1) Dodging is no longer possible.
2) Enemies won’t go into pain states anymore (e.g. stumble back or similar). That means they can pretty much steamroll you without much resistence, because…
3) If you parry or block your stamina decreases. If the value goes to 0 (from blocking/parrying an attack) your defense breaks and you are stunned for roughly a second.
4) If you attack a parrying/blocking enemy while having low stamina the same happens.
So you will have to pay close attention to your stamina or combat will become very punishing. This is especially true when there is more than one enemy.
It will also be possible to use the environment against enemies, since “everything that hurts the player also hurts enemies: fire, falling boulders, poisonous gas, etc.” This is still experimental, but it bodes well for the kind of creative first-person combat gameplay that is possible in Dark Messiah and Dishonored. When I asked how does he think Monomyth will compare with the upcoming Underworld Ascendant and its focus on emergent gameplay, he was cautious.
Just from what I’ve seen, I believe Monomyth will be more conservative with regards to physics-based challenges and solutions. Emergent gameplay still has its place in Monomyth though. Mostly however through specific spells or certain items, slightly changing the rules and broadening the spectrum of possible solutions for a certain challenge.
Apart from gameplay, there will be some narrative interplay with the title. I told him I think Monomyth is a really great title for an RPG, and it’s odd the idea of the Hero’s Journey hasn’t been referred to openly in many RPGs. He was modest about it.
The title was essentially the first thing I came up with. I don’t exactly remember how, but I believe I wanted something relatively short with a very basic adventure-related meaning. And since the Monomyth is a very general concept, it’s of course easy to weave it into the story. So it will also have a narrative impact on the story. Not necessarily in the most obvious way though.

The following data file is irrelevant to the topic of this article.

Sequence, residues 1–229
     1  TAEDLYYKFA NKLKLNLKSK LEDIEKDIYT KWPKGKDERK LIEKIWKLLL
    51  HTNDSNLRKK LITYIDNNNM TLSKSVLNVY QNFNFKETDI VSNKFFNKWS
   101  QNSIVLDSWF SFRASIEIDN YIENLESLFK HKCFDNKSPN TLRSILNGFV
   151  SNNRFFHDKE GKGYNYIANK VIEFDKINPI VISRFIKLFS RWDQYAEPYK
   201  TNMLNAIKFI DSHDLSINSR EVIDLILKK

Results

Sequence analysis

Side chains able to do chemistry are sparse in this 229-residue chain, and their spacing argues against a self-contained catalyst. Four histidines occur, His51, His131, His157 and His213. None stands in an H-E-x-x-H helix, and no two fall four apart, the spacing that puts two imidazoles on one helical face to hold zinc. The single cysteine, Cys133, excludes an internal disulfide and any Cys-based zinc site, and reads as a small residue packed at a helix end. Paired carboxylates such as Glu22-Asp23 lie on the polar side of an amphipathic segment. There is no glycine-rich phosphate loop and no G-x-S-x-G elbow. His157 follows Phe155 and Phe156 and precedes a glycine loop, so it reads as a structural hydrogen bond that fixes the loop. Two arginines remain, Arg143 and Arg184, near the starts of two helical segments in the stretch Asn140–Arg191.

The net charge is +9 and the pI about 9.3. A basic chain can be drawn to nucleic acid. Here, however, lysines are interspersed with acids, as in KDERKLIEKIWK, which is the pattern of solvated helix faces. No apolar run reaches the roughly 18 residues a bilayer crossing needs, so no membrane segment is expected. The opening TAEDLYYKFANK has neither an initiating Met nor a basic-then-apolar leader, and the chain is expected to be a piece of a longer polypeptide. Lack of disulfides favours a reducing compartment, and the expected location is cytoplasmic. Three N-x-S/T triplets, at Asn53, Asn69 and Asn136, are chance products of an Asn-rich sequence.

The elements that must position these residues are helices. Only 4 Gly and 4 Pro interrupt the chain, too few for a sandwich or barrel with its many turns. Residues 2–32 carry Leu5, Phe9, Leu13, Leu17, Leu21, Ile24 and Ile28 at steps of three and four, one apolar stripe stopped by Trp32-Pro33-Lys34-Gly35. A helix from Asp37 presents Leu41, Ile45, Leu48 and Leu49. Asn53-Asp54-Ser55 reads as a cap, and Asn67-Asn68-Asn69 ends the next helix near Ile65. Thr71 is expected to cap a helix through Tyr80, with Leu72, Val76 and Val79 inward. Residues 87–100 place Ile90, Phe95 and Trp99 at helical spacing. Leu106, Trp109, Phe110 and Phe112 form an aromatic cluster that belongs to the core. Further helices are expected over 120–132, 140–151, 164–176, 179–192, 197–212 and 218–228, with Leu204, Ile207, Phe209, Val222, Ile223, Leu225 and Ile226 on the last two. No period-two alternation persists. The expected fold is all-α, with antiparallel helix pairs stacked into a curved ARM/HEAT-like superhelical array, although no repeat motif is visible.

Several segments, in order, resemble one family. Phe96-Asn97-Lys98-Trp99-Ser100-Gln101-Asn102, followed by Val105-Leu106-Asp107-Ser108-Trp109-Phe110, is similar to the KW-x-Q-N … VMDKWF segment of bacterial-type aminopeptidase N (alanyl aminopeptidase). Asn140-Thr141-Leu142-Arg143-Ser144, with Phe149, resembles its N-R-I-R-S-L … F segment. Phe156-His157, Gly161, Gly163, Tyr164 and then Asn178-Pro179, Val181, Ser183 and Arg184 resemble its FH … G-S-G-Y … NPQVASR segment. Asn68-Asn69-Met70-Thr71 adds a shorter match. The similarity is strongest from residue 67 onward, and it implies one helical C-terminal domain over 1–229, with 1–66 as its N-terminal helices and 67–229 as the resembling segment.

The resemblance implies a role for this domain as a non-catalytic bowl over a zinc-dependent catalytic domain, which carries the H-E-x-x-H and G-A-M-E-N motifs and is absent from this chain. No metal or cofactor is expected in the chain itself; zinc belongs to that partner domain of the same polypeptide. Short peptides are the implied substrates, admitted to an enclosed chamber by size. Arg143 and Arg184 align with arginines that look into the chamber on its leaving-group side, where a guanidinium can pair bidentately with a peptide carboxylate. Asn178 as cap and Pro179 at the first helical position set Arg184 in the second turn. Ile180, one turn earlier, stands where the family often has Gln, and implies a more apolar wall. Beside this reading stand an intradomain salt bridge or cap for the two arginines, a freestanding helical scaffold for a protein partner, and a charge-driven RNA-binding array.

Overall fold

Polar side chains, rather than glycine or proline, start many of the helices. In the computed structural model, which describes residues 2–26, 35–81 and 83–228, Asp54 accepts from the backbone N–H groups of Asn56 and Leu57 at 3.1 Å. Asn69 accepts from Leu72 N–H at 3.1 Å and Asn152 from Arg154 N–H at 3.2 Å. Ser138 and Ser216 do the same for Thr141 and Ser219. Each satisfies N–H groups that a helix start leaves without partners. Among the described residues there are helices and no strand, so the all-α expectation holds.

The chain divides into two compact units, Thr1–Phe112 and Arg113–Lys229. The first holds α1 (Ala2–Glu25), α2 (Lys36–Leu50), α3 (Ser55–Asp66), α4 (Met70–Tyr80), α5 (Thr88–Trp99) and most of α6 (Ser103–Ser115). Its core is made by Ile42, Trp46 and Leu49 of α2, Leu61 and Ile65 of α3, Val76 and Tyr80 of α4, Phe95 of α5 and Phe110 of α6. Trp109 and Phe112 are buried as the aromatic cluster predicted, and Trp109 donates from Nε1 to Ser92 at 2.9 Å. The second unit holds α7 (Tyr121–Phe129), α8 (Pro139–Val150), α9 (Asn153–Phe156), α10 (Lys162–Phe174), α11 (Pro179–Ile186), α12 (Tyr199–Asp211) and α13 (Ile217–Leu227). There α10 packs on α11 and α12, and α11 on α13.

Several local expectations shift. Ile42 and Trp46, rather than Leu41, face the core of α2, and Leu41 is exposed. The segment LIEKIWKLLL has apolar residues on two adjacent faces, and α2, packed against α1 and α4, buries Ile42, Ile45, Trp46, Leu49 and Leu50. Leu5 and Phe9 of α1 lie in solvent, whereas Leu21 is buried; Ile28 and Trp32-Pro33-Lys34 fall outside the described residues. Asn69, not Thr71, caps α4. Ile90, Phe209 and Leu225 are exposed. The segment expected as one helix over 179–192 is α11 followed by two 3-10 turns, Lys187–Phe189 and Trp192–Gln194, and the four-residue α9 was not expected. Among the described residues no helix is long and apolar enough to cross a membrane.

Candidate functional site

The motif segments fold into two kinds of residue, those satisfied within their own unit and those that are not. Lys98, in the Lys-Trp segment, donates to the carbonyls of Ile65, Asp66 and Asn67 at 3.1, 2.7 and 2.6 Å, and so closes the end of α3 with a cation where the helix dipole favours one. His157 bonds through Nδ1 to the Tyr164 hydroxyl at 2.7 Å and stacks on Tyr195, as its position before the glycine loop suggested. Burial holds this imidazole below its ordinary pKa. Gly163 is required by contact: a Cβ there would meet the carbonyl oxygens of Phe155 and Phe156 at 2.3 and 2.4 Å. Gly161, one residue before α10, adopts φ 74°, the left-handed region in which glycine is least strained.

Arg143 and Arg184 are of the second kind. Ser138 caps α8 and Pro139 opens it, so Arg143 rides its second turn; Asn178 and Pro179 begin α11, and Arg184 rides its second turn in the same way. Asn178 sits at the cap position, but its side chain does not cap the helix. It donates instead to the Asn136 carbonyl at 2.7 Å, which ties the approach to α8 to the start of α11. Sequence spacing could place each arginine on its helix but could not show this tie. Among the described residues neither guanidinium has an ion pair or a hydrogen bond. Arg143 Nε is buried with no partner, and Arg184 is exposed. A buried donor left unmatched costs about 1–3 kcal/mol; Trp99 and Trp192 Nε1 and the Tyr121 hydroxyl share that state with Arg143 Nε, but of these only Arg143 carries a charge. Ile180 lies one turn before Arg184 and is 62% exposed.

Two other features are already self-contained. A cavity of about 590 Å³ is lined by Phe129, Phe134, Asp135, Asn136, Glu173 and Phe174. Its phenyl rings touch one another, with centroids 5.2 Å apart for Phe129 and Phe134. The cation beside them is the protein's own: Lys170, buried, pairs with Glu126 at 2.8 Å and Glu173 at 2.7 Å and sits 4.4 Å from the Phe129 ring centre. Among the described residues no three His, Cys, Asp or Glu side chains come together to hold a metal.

When I asked about the future, he told me it’s “too early to really think about it, but I could imagine continuing the story in one or the other interesting way,” though he would also be interested in creating something entirely different for a change. “I had a couple of ideas and prototypes that I believe would work nicely as full games.” I asked how much of his work could be re-used in a sequel, and his response shows he has little interest in asset-flipping.
Technically a lot of the modular assets can be re-used, which is a good amount. It always depends though. When one area in a game is very strongly built around one type of asset you don’t really want to use that again, because it will stand out. But even then, with things like procedural texture generation and vertex painting it’s very easy to give an old asset a new look. That also goes for enemies, as seen in a lot of jRPGs. So the little brown bug from the beginning of the game comes back later, as a scary big red bug, that can also poison you. It has its charm, because you know immediately what’s going on. The trick is not overdoing it.
This leads to the matter of digital distribution. Monomyth was one of the last games to be greenlit on Steam Greenlight before it was abandoned and Steam Direct was introduced, which has led to all the issues that we are dealing with now. Steam has become a constant avalanche of shovelware, and it’s increasingly harder to separate the wheat from the chaff. Any indie developer is right to be concerned, but Rat Tower is rather nonchalant about it.
We got more shovelware on Steam these days, true. I don’t exactly know why Steam Direct was introduced in the first place, because I thought [Greenlight] was there to increase quality. It’s true that now you get buried under a ton of shovelware releases but I’m not all that bothered by it to be honest. To me it seems, that most shovelware can be identified just from looking at the icon in the release list.
Although appearances can be deceptive, it’s true that there are ways to find gems under the gravel of shovelware. The attitude he shows is interesting, though. He relies on something beyond the commercial appeal that Monomyth might have. He is not doing it for the money, he has his software engineering job for that. So how does he stay motivated to develop the game?
I stay motivated simply because I like creating things. I don’t get tired of what I do. Doing everything from game design to programming makes that very easy. If I don’t feel like programming I design a level. If I don’t feel like making a mesh I might make an animation for another. There is always something different to do.
There will be an alpha demo of Monomyth freely available later this year, and Rat Tower will rely on the feedback he will receive from players. I look forward to writing a preview based on my experience to help make Monomyth the best game it can become. If you think you will enjoy it, be sure to follow Rat Tower on Twitter so you don’t miss the chance to try the alpha demo.